From the desks of the Hotel News Now editorial staff:
- Hotels prohibit ICE agents from using rooms to hold immigrants
- Terror attack leaves 26 dead at Somali hotel
- Manchester hotels see bump from India-Pakistan cricket
- Hurricane Barry weakens to tropical storm
- Cancun beaches invaded by algae
Hotels prohibit ICE agents from using rooms to hold immigrants: Major hotel chains based in the Washington-D.C. area, such as Marriott International and Choice Hotels International, are pledging to not allow agents with U.S. Immigration and Customs Enforcement to use its guestrooms for detention facilities during ongoing raids ordered by U.S. President Donald Trump, according to The Hill. Several local activist groups had delivered petitions to the companies’ headquarters asking they publicly state they would not allow their hotels to be used to hold immigrants.
A statement from Marriott states “Our hotels are not configured to be detention facilities, but to be open to guests and community members as well. While we have no particular insights into whether the U.S. government is considering the use of hotels to aid in the situation at the border, Marriott has made the decision to decline any requests to use our hotels as detention facilities.”
Choice also released a statement stating it has asked its franchised hotels to “only be used for their intended purpose.”
The raids are expected to take place in 10 major cities, targeting 2,000 immigrants, the newspaper writes.
Terror attack leaves 26 dead at Somali hotel: Over the weekend, a group of Islamic extremists targeted the Asasey Hotel in Somalia, leaving 26 people dead, according to the Associated Press. The assailants “blew up the hotel’s gate with a car bomb and took over the building for more than 14 hours.”
Four assailants from al-Shabab, a rebel group connected to al-Qaida and often uses car bombs against its targets, has claimed responsibility for the attack, the AP reports. Troops shot and killed all of the attackers inside the hotel.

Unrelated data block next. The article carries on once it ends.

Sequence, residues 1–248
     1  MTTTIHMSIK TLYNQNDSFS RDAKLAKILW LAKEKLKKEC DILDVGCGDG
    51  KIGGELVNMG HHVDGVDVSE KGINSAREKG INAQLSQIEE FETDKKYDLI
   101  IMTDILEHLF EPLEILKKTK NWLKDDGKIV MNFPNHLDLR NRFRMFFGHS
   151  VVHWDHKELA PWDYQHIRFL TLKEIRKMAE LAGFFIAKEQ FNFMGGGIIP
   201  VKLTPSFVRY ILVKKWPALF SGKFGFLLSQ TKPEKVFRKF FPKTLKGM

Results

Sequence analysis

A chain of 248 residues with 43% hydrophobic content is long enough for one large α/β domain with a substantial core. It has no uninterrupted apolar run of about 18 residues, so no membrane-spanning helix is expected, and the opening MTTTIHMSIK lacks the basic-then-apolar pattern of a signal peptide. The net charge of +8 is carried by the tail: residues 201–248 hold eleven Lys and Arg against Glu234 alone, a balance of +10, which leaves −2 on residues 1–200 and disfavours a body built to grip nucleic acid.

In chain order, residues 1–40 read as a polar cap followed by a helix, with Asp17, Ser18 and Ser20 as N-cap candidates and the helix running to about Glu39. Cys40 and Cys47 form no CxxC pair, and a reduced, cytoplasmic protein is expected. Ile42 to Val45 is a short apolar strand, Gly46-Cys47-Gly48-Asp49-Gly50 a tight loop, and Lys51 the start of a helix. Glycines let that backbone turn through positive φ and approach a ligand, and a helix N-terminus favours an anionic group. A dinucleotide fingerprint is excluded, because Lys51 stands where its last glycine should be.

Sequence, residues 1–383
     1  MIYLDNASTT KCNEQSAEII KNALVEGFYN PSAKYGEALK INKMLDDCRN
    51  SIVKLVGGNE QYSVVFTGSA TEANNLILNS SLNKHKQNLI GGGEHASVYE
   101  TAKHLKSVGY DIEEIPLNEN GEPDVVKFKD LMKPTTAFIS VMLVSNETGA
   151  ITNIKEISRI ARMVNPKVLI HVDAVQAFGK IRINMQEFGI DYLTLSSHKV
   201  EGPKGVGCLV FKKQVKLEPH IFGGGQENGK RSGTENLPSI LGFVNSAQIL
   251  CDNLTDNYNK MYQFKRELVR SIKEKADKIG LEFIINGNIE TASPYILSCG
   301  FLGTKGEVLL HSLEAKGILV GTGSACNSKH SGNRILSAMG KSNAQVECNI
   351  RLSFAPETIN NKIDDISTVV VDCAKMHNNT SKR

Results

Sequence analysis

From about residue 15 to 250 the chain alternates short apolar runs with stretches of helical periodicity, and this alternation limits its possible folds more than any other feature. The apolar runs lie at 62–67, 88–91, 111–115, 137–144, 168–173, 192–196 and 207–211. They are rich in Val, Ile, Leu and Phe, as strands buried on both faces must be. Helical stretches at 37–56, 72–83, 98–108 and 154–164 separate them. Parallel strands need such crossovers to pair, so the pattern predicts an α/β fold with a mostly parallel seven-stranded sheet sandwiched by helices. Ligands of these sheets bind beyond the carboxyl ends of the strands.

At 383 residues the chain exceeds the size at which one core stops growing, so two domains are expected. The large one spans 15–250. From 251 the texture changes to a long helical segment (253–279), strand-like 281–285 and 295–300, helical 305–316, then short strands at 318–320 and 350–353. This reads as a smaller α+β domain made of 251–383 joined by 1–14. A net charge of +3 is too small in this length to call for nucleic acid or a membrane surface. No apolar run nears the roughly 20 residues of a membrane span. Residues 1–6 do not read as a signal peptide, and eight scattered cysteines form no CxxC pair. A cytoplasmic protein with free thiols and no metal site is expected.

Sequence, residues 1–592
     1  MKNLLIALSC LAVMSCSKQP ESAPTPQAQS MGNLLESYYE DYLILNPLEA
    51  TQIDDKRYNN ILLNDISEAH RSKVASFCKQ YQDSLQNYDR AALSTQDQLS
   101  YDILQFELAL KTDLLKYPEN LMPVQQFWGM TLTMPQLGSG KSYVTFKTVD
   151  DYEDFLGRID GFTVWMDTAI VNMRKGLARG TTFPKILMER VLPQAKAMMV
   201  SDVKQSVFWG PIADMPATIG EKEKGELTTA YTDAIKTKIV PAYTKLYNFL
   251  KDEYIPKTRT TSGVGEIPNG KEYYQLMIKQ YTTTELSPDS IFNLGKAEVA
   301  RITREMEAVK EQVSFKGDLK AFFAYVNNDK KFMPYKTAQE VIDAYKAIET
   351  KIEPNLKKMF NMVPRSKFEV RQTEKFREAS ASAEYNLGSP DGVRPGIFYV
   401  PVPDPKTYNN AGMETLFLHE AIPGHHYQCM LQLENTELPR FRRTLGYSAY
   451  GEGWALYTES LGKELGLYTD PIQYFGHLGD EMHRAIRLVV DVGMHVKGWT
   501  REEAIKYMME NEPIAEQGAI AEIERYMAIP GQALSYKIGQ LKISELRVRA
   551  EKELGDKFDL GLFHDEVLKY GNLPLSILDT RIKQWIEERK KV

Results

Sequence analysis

“The attack is a blow to the Somalia government’s efforts to hold nation-wide, one-person one-vote elections” in 2020, AP writes.
Manchester hotels see bump from India-Pakistan cricket: The 16 June International Cricket Council World Cup match gave hotels in Manchester, England, a healthy bump in business, writes Hotel News Now’s Terence Baker, due to the massive base of support from India’s population.
According to data from STR, the parent company of HNN, the Manchester market—which comprises the city center and its surroundings, including the Old Trafford area—saw a year-over-year increase of 9.2% in occupancy across the weekend of the match to 83%.
“The Indian market was the main driver for the hotel and the stadium as a whole, and a large amount of tickets were from the domestic market. However, the high-end hospitality and hotel accommodations were overseas guests,” said Michael Hewson, GM at the 150-room Hilton Garden Inn Emirates Old Trafford.
Hurricane Barry weakens to tropical storm: On Saturday afternoon, Hurricane Barry made landfall in Louisiana as a Category 1 hurricane near Intracoastal City but weakened to a tropical storm shortly after, according to CBS News. It’s expected Barry could bring “dangerous, life-threatening flooding with more than 20 inches of rainfall in Louisiana and Mississippi.”
A tropical storm warning is in effect for the mouth of the Mississippi River to Sabine Pass, as well as for Lake Pontchartrain and Lake Maurepas including metropolitan New Orleans, the news outlet reports. No mandatory evacuations were issued in New Orleans, and officials have recommended residents take shelter in place, while tourists have been told to take shelter in hotels.
The storm has left 70,000 people without power between Louisiana and Mississippi.
Cancun beaches invaded by algae: For the past several months, “thousands and thousands of tons” of an algae named sargassum has been piling up in Cancun and dozens of nearby beaches, putting a dent in tourism, according to Bloomberg. The algae is said to be slimy, brown and smell like rotten eggs.
Occupancy in Cancun hotels fell 3.4% in the first three weeks of June, the news outlet reports, and some hotels are offering discounts as much as 20% on rooms, as well as transferring guests to beaches untouched by the sargassum.
Compiled by Dana Miller.